Tax Changes: Meals & Entertainment

If you’re anything like the majority of Americans, you’ve heard mumbles of tax reform that was pushed through Congress at the tail end of 2017. Now that 2018 is halfway gone, those mumbles will steadily increase in volume until they grow to be raucous roars, signaling the dreaded arrival of tax season 2019. We get it. Tax law is no one’s idea of recreational reading. Even if you bravely attempt to wade into the ocean of information that is available online, neutral sources are hard to find, and easy to understand explanations are even tougher to come by. That’s where we come in.

Our goal is not only to prepare you for the impending tax season, (Yes, we know it’s July but trust us, a little planning now will go a long way come April 15th.) but also to inform you regarding how the Tax Cuts and Jobs Act affects you, the taxpayer. We will roll out bite-sized articles concerning relevant changes that resulted from the TCJA and explain how these changes could potentially affect your overall tax situation. So, sit back and yes, relax because amidst the sea of mumbles comes some much needed clarity.

Listen up business owners, because our first topic is for you. We are dissecting the new meals and entertainment deduction and how they should be accounted for beginning in 2018. Let’s go ahead and get the painful part out of the way, akin to ripping off a band aid… Anything deemed to be entertainment whether it be treating a prospective client to a round of golf, an evening at the theater, or tickets to the ballpark is no longer deductible as a business expense. Under the old law, these events have historically been deductible up to 50%. Due to some murky language used within the act itself, it remains unclear whether meals associated with such outings are deductible. We are advising our clients to err on the side of caution and consider them non-deductible unless Congress comes forward with further clarification. We’re crossing our giant foam fingers on that one.

Still with me? Breathe deep and let’s press forward. Employer-provided meals are now only partially deductible under the new tax law and there are some pretty rigid rules attached in order to claim such deduction. Fortunately, there are a few elements of the meals and entertainment category that remain unchanged by the TCJA such as travel meals being 50% deductible and meals provided to the general public (i.e. coffee and snacks provided in waiting areas) being fully deductible. [Refer to the table below for a comprehensive breakdown of meals and entertainment deductions and how they compare to previous years.]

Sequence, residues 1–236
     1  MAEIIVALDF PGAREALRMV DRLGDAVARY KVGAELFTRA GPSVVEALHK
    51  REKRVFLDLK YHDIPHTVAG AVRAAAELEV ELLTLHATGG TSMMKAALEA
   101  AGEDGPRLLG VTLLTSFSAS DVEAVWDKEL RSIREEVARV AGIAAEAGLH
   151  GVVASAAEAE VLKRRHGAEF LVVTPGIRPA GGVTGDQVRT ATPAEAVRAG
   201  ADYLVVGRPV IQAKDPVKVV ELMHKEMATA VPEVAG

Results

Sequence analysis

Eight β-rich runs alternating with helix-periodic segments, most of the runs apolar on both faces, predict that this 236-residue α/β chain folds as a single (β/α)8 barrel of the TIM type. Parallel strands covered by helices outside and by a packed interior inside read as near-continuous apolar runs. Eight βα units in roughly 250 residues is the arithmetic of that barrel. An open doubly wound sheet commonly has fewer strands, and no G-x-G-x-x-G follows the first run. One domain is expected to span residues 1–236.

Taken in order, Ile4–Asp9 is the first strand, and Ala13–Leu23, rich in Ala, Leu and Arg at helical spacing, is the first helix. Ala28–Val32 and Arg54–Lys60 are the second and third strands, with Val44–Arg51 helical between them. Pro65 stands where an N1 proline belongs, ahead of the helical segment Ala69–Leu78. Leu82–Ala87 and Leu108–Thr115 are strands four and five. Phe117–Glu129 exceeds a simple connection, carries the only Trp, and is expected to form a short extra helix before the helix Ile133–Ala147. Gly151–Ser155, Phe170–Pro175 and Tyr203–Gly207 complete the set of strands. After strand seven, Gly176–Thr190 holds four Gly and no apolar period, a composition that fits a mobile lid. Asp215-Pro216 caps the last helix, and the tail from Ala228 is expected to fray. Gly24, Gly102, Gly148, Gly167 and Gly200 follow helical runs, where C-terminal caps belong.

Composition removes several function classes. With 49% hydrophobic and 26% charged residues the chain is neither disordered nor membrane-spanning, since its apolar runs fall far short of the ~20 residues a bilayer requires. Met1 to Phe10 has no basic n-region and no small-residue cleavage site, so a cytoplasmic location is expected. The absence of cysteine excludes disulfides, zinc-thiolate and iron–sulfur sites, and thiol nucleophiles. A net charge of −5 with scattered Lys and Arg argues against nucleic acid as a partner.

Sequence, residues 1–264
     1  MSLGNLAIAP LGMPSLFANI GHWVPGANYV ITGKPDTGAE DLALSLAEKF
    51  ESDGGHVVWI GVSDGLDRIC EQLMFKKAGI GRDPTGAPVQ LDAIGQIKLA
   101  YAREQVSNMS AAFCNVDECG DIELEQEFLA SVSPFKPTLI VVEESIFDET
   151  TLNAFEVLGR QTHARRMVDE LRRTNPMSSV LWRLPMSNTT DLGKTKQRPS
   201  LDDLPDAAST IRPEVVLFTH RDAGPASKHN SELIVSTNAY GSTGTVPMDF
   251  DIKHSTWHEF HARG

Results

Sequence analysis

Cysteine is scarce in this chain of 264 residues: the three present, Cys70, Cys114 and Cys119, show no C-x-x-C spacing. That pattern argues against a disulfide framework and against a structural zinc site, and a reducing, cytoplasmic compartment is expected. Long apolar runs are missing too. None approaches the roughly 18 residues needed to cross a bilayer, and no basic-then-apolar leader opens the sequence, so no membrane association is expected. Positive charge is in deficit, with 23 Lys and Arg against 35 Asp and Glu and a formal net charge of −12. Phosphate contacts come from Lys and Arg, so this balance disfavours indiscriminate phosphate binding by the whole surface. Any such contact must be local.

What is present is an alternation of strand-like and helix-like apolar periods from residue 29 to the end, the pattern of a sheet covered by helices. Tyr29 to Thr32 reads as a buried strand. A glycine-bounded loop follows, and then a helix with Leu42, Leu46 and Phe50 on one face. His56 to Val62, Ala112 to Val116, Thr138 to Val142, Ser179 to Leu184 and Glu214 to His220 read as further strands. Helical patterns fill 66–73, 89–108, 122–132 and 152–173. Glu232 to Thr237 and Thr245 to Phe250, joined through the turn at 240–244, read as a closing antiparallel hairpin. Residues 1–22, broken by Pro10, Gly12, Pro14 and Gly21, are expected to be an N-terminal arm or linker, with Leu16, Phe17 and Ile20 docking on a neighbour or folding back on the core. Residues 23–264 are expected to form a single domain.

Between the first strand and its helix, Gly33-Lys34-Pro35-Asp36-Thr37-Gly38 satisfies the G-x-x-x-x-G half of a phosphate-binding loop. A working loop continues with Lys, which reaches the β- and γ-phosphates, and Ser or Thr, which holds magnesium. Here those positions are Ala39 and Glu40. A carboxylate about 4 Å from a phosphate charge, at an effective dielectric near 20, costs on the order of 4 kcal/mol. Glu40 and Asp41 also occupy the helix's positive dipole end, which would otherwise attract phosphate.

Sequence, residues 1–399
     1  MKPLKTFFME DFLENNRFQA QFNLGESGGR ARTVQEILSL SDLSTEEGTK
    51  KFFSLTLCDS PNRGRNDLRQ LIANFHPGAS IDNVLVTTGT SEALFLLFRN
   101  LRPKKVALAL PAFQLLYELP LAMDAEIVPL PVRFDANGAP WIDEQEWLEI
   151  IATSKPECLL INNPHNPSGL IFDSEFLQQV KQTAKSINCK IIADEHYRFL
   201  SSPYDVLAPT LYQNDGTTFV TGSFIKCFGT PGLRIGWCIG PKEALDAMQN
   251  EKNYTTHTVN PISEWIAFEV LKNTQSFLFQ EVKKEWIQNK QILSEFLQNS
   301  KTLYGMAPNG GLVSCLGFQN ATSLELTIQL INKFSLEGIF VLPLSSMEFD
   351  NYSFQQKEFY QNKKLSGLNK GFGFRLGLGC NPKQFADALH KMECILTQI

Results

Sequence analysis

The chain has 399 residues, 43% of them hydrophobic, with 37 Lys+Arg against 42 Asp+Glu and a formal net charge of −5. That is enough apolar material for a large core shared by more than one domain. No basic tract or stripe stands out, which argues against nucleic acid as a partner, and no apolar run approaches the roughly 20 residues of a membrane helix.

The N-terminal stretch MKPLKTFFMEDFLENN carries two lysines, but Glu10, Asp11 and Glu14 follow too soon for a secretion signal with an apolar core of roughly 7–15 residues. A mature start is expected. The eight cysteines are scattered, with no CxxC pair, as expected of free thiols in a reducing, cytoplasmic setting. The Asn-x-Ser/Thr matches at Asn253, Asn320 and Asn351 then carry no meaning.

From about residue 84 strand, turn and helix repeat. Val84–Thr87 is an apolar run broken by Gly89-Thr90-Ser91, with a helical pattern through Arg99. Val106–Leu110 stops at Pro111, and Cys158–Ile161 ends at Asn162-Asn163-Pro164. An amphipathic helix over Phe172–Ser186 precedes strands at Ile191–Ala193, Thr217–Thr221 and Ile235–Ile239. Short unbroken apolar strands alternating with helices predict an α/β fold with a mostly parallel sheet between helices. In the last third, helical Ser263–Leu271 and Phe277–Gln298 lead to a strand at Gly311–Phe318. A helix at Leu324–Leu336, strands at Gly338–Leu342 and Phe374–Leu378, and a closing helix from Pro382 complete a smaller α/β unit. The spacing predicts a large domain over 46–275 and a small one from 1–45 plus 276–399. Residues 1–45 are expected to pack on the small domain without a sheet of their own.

Expenses Old Rules New TCJA Rules Reference
Entertainment (this includes current clients and prospects) Meals: 50% deductible Meals: Nondeductible as currently drafted in the code without additional guidance from Congress or Treasury.



No deduction for entertainment expenses.



Sporting, concert, or other events: 50% deductible at face value on non-luxury ticket
Tickets to qualified charitable events: 100% deductible
Other entertainment: 50% deductible
Employee travel meals 50% deductible 50% deductible IRC 274(n)(1)
Meals provided for the convenience of the employer 100% deductible provided the meals are excluded from the employee’s gross income as de minimis fringe benefits. Otherwise, 50% deductible. 50% deductible until 2025.

After 2025, nondeductible.

IRC 274(0)
Employee meals qualifying as de minimis fringe benefit (i.e. coffee, breakroom essentials, in-office birthday celebrations) 100% deductible Potentially only 50% deductible; however, appears not to be what Congress intended. Technical corrections may provide for 100% deductibility. IRC274(0)


Meals and entertainment expenses treated as compensation 100% deductible 100% deductible IRC274(e)(2)
Office holiday parties, picnics, summer outings 100% deductible 100% deductible IRC274(e)(4)
Business meetings of employees, stockholders, agents, or directors 50% deductible 50% deductible IRC274(n)(1)
Expenses for attendance at a business meeting or convention of a Section 501(c)(6) business league, chamber of commerce, real estate boards, and boards of trade 50% deductible 50% deductible IRC274(e)(6)
Items available to the general public as a means of advertising or promoting goodwill in the community 100% deductible 100% deductible IRC274(e)(7)


You see, it isn’t all gloom and doom for our beloved business owners. Check back for our next article as we will discuss new corporate tax rates and how they could equate to impressive tax savings.

Thank you! :)

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